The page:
Thousands of workers take buyouts at GM - good news, sort of
Former General Motors Corp. (GM) President Charles Wilson once famously quipped, "What's good for General Motors is good for America." That statement was made in the 1950s, when GM's dominance of the automotive world was unquestioned. Things have changed quite a bit since then, of course, though the saying still holds true in a strange way. Now, instead of celebrating national industrial strength, high profits and a well-paid workforce, the phrase calls up a desperate kind of hope that the U.S. and its core manufacturers can recover.
Today's announcement that that 7,500 UAW members at GM are taking buyouts brings that new paradigm to mind. "We're pleased," GM spokesman Tony Sapienza told Bloomberg News. "This is a significant milestone in progress in our restructuring plan."
Shares of General Motors, which are down more than 85 percent over the past year, soared on the news. But even with today's 11 percent rise, the stock is only trading at about $3.34. More workers took the buyouts than some analysts predicted. Bloomberg points out that GM has trimmed about 60,500 jobs in three buyouts since 2005.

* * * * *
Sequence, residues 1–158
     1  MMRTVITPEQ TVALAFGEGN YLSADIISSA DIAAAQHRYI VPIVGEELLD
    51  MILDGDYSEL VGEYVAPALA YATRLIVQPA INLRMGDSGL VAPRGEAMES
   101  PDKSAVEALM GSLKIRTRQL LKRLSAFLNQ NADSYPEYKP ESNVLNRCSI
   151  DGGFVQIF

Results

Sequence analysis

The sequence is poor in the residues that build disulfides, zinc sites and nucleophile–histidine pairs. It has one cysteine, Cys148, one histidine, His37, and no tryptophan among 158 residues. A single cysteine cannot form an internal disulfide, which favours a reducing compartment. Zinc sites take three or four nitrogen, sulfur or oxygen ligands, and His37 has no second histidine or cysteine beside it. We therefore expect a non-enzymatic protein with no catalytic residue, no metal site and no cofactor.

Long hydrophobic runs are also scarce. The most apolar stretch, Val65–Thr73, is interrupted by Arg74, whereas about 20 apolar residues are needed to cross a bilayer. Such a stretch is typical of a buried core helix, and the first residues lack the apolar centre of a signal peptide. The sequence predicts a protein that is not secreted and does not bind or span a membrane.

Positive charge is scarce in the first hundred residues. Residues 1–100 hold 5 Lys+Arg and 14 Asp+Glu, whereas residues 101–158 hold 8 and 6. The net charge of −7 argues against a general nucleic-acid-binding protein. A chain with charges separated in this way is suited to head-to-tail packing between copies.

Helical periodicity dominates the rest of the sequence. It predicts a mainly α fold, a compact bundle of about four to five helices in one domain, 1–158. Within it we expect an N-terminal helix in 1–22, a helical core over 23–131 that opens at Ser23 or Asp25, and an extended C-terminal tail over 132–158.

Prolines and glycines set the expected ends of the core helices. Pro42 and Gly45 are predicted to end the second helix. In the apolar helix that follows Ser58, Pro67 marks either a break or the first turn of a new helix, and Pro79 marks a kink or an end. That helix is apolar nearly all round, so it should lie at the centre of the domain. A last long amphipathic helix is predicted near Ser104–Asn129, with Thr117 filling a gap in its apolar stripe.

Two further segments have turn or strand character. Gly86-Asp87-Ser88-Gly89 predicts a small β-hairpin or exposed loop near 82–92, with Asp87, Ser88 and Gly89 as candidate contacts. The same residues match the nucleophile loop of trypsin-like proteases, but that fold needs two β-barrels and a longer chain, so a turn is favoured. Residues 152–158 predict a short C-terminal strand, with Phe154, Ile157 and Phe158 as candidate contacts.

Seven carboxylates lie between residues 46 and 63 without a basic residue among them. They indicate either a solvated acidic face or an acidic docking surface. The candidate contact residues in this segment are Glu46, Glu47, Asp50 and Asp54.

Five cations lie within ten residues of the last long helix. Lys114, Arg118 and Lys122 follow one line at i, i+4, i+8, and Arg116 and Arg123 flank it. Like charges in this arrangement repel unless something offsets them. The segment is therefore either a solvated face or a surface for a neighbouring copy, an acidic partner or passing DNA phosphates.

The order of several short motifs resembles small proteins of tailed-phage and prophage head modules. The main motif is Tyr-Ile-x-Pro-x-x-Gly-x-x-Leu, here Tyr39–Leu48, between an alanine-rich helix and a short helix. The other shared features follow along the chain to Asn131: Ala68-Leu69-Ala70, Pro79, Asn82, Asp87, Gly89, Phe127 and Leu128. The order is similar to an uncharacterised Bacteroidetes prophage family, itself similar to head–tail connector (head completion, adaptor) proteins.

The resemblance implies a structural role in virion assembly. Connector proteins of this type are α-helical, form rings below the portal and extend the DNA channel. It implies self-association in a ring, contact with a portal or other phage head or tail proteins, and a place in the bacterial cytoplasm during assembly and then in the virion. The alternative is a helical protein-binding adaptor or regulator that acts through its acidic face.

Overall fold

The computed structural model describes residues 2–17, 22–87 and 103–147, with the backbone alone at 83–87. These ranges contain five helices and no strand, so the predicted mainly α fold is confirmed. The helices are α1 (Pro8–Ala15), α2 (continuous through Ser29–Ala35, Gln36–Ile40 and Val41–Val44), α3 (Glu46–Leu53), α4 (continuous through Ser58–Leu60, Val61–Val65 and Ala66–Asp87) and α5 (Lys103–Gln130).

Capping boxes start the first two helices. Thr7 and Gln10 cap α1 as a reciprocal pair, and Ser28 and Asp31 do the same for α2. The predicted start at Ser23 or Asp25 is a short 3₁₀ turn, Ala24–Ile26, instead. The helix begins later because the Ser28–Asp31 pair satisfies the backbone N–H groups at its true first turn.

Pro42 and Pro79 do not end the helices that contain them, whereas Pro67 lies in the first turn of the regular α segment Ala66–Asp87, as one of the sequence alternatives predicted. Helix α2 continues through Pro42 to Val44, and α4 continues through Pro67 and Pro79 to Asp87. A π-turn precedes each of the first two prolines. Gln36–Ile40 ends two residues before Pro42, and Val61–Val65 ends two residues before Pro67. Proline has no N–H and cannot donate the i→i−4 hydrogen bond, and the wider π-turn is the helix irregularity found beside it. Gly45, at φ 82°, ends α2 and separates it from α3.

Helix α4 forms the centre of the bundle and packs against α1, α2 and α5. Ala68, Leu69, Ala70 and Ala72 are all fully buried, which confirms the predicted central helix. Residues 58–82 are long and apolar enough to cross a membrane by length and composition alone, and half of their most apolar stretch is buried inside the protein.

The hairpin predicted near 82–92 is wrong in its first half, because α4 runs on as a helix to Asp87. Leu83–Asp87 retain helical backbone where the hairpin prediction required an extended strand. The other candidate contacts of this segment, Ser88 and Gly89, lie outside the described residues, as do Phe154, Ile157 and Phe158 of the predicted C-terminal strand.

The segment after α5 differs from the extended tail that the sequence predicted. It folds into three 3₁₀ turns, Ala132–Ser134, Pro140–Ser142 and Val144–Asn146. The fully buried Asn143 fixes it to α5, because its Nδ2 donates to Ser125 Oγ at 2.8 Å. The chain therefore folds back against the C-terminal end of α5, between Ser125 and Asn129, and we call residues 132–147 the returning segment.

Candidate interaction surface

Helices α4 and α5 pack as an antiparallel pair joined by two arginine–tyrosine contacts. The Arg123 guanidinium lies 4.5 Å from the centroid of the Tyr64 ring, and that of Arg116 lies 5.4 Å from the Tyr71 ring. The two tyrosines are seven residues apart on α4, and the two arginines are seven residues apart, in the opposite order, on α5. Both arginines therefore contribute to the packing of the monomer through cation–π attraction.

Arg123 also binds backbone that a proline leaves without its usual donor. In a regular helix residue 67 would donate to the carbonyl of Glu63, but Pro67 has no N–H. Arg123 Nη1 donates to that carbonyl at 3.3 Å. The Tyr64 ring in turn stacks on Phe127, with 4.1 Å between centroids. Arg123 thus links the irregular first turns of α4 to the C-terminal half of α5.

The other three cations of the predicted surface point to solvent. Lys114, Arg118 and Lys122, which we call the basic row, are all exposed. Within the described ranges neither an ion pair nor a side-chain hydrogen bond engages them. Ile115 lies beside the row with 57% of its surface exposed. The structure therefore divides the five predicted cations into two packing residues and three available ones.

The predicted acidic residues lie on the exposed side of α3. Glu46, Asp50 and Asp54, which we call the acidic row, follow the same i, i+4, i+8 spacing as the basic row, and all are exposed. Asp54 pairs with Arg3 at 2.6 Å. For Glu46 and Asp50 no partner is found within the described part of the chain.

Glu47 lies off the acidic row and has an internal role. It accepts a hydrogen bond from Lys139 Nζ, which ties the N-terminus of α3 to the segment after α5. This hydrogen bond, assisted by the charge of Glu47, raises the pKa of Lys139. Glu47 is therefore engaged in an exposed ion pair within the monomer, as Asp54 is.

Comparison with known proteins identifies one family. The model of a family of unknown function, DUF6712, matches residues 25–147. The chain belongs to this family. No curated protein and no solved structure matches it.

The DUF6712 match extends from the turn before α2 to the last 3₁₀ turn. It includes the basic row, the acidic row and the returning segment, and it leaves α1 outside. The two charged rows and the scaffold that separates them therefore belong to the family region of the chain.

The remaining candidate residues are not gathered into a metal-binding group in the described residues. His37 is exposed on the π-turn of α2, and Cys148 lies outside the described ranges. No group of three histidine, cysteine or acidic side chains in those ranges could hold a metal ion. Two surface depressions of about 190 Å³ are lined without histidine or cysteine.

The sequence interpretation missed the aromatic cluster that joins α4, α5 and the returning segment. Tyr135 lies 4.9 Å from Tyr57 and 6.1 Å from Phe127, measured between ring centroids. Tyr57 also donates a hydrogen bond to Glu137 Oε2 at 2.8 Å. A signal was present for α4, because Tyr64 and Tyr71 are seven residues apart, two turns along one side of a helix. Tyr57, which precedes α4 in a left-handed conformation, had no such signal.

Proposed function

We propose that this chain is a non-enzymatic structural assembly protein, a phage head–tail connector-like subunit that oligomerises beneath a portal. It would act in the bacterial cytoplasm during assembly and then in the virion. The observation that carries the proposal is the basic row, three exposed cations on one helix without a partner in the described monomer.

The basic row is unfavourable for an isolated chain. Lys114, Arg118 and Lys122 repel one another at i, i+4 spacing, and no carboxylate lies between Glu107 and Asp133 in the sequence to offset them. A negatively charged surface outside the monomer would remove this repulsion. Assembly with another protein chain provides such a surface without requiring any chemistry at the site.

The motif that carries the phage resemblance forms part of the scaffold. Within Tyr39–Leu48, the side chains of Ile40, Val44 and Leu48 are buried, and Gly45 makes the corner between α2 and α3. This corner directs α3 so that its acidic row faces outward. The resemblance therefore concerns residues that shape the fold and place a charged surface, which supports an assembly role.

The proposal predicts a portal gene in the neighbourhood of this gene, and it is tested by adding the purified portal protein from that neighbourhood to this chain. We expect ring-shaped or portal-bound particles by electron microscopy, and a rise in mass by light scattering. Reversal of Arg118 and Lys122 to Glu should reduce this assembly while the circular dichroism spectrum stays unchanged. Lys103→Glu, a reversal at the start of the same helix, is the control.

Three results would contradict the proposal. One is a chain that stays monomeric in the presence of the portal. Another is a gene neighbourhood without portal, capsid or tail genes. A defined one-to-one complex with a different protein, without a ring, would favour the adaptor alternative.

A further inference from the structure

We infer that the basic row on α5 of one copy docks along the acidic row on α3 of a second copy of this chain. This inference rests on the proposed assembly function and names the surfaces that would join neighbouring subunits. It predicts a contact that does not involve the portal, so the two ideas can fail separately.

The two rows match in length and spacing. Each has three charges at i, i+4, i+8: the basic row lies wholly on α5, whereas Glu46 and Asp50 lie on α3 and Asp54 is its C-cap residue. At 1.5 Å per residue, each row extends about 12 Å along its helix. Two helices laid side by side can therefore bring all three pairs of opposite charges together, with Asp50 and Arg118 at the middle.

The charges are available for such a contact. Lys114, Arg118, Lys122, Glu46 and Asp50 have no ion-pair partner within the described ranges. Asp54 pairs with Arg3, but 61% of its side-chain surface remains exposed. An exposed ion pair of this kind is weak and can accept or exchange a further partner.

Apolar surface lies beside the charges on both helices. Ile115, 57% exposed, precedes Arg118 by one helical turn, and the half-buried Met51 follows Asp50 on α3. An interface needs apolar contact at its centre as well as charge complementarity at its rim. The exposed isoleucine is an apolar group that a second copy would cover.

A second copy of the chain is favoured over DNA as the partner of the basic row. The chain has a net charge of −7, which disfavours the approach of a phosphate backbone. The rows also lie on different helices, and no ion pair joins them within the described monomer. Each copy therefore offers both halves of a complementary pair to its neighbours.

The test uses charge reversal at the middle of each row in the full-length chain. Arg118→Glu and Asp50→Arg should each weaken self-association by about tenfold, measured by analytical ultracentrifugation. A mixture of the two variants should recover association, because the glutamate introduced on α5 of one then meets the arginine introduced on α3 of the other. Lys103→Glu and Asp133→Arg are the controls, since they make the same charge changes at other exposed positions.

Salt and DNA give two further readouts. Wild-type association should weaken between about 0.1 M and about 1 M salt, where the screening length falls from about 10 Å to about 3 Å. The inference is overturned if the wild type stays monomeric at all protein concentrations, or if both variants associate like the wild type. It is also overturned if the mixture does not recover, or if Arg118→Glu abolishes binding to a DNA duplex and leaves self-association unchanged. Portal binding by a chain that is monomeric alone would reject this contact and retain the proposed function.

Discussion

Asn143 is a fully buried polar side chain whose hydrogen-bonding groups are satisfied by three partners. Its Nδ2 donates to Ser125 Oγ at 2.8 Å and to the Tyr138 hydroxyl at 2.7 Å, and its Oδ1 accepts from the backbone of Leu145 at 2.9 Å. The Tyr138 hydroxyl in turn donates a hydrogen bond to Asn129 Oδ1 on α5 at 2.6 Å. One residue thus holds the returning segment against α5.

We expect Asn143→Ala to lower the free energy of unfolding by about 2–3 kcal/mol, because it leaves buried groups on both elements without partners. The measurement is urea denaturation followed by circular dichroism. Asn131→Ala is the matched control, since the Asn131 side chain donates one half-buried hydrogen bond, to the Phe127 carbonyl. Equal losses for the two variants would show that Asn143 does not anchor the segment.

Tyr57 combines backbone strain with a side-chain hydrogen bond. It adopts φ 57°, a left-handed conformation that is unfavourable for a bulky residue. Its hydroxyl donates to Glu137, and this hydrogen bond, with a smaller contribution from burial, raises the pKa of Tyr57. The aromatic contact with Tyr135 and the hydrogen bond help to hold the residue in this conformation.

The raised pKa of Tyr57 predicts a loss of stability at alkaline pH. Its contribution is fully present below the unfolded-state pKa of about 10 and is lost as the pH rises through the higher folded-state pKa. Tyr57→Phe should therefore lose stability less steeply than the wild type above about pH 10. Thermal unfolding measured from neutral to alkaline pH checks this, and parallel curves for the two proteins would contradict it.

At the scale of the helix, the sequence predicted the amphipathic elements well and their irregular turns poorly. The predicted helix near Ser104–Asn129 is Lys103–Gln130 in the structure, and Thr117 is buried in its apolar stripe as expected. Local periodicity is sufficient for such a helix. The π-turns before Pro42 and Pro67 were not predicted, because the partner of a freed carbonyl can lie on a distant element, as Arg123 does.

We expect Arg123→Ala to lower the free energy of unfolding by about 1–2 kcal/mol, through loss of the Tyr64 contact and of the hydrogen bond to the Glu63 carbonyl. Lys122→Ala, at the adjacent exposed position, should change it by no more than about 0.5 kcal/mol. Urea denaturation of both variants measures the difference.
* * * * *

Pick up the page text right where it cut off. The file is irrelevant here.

GM's future, though, remains cloudy. U.S. auto sales may drop as much as 40 percent in March compared to last year, according to industry forecasts. Meanwhile, the numbers of car shoppers who say their primary choice would be a GM vehicle fell by almost 12 percent, while the share for Chrysler dropped by a third, according to CNW Research.
GM and Chrysler got $17.4 billion in loans from the Bush administration to keep themselves afloat. They have told the Obama administration that they will probably need another $21.6 billion. Ford Motor Co. (F) has declined government assistance thus far, though some analysts have speculated that the automaker may eventually need it. The automakers have until the end of the month to prove they can be viable with the emergency funds.
Steven Rattner, the banker who is the Obama administration's chief auto advisor, recently said the plans being offered by the automakers were too ambitious and that they may need "considerably" more than the $21.6 billion that they request.
Administration officials are trying to prevent GM and the other automakers from going bankrupt, arguing the results would be catastrophic.